When Hosni addressed the nation late night on 10 February, contrary to the expectations of all that he will announce his resignation, he expressed his resolve not to quit till election of new president. After jeering at him the whole night, when the crowds started moving towards the presidential palace in Heliopolis menacingly, Hosni decided to throw in the towel, hand over the reins to Omar and to shift to his private residence in Sharm el Sheikh. The 18-day revolt of the youth launched with a revolutionary zeal without the support of a political party or a central leader ended on a victorious note on 11th night.

There were countrywide celebrations which are still continuing. While bulk has moved out of Tahrir Square under constant goading by the army, the diehards are not ready to move out till completion of transition to democracy. They say that they had not made sacrifices to replace a dictator with another one. The parliament has been dissolved and the constitution suspended. The situation is still in a flux since the army is taking its time and wants to continue with Hosni’s policies till completion of transition and formation of new government. The people are demanding release of political prisoners, lifting of state of emergency, closure of military courts, fair and free elections and swift handover of power to civil government.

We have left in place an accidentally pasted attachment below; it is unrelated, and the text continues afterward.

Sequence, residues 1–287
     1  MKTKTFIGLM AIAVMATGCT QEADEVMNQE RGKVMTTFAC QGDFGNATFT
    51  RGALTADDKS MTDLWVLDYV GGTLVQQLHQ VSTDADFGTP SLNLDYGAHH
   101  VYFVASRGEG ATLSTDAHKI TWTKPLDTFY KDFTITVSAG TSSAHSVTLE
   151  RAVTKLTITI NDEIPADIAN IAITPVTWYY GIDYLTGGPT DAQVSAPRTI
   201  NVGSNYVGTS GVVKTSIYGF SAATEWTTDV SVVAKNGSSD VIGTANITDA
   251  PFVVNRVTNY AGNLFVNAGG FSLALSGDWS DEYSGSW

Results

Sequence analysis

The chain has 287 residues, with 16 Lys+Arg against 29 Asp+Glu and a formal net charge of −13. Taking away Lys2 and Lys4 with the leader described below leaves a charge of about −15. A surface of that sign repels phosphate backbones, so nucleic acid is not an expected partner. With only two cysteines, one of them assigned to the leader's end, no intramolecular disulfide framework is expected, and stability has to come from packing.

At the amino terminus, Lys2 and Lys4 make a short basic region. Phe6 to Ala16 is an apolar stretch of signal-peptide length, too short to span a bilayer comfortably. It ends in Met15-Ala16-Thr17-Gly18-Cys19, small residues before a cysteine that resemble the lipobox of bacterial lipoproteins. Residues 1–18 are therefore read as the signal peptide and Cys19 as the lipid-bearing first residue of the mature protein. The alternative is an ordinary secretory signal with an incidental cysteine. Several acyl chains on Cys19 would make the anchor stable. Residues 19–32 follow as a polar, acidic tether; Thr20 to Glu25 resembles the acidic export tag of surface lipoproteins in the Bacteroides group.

Throughout the popular uprising, the US helplessly watched the unfolding events and made no effort to defuse the crisis. The west took a similar stance and asked Hosni to hasten the process of transition. Rather, it kept pressing Hosni for speedy and fulsome reforms and asked the Army to show restraint. It was apparent that America had given up aging president and was looking for a younger and fresh replacement.